Re: Why mobile web apps are slow

Although the title broadly and vaguely referring to “mobile web apps”, Why mobile web apps are slow is actually a lengthy breakdown of JavaScript performance on mobile. tl;dr: too slow, and will stay relatively slow in feasible future.

Regretfully, because I was not formally trained as a computer scientist, I don’t have the necessary knowledge to judge whether or not the analysis of hardware architecture, garbage collection, or even interrupter development trends, are genuine or not. Nor I will try to be an web fanboy to pin the arthur as an Apple fanboy to repudiate what he just wrote. The question I would like to bring up is: Supposedly all of the analysis (and the conclusion) are true, what would the future holds for the Open Web, in post-PC world?

For the web to move away from JavaScript, there are currently two active proposals: Google Native Client (NaCl) and asm.js. NaCl comes with some trade-offs, like interpretability; asm.js on ARM is still in active development, and we will not know whether or not it would bring the same performance boost on x86.

Obviously, without JavaScript, the web as we (the front-end web developers) know it will cease to exist. It’s not necessary a bad thing though — while the web moving a way from a place I grew up, where everyone can find out the layout or logic of any website with view source, it had also involved to something much useful and powerful, embedded into everyone’s digital life more deeply. Yet, working on Mozilla payroll means there is no excuse to give up on the Open Web — even though I am not the person who make these decisions, thought experiments is always a fun thing to do.

So, maybe 10 years from now, website, or web apps would do this: Probe the CPU architecture of your hardware, drop the corresponding optimized asm.js or NaCl bytecode to your device, and render the entire screen with WebGL. There might even be Flash-like authoring tool for that, or even WebHAL — a library to abstract CPU/GPU differences. Think about what the Open Web gain or loose at that future.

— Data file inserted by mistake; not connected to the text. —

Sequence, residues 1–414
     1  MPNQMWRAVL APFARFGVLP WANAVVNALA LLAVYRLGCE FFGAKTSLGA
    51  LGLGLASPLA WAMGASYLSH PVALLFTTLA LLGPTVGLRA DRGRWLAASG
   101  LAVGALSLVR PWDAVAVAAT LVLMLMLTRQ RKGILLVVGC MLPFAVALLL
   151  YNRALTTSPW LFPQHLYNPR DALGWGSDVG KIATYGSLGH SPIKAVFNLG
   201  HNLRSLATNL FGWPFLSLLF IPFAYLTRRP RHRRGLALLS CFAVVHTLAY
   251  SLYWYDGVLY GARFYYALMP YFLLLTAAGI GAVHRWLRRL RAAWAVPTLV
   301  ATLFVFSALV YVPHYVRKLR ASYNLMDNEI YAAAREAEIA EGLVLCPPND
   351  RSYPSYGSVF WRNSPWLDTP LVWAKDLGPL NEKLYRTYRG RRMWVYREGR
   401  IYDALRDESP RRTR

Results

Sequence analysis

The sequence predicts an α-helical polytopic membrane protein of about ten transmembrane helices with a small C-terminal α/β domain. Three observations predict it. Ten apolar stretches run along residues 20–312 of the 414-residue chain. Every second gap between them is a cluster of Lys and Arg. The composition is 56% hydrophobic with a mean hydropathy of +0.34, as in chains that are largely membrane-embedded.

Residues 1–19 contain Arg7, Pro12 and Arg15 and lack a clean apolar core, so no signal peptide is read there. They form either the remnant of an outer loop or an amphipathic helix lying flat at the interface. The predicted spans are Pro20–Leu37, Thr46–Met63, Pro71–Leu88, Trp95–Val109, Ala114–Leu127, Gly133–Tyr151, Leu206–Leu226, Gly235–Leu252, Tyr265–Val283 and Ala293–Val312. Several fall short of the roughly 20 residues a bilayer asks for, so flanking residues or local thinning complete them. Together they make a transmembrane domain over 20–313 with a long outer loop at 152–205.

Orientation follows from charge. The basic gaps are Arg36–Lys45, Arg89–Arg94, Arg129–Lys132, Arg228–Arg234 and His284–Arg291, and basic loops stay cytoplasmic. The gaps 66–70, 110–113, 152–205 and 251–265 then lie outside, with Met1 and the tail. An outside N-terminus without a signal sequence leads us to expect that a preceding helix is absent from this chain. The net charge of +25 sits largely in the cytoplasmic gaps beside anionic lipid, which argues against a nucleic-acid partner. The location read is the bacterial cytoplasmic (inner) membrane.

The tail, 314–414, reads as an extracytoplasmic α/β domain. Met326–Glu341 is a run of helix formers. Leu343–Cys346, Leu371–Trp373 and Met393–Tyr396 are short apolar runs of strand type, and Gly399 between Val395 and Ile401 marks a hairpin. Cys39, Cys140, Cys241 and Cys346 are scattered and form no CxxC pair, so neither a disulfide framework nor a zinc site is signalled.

As for JavaScript, in that future, people would have conversation like this comic (spooler alert below; thanks Kanru for the link):

— … Can’t remember its name. Today it’s mostly used just as a target language for compilers, but back in [the professor]’s days people actually used to write in it directly!

— Oh, that must be JavaScript!

Perhaps, just like Lisp at the time, a dynamic-typing language is still too advanced for hardware circa 2013.

7 thoughts on “Re: Why mobile web apps are slow

  1. I wouldn’t say asm.js is in any way a move away from using JS to power the web – it is, after all, a subset of JS that happens to be particularly performant. And as has been stated in various locations by the developers involved, there is no fundamental reason why the more generally applicable full JIT compilers can’t catch up with asm.js’ performance – it’s just harder to get there.

    Mind you, what *might* happen is that compilers targeting JS (like Emscripten and Mandreel) become the standard for web-based applications that need to be performant. But getting that working for all applications seems like it would be hard and unnecessary.

  2. You forgot about Dart/Dash it was actually intended to replace Javascript.

    Anyways the problem with performance in Web Apps doesn’t all have to do with Javascript. Much of it has to do with the relationship between Javascript and the DOM. In truth the DOM wasn’t designed to be used by languages like Javascript or Dart. It’s really all an exploit in browser engines that allow the Web to support dynamic applications instead of just documents.

    There are a few projects I know of that are trying to fix the DOM’s relationship with Javascript. The Servo project, Chromium’s/Blink’s oilpan project and DOM.js.

  3. “Emscripten/asm.js” is probably the more accurate to describe what I have in mind here.

    Yes, asm.js is a subset of JavaScript, which make it portable and backward-compatible, but it is not the JavaScript that people is going to write it directly. There are maybe, maybe, future project like CoffeeScript/LiveScript/TypedScript to asm.js compiler which could make this happen (even JavaScript to asm.js!), but until then asm.js is inaccessible to regular web JavaScript programmers just like any other bytecode, except for a few cases.

  4. Thanks for commenting. I read the post yesterday and I was considering update the post to give the counter argument an equal presence.

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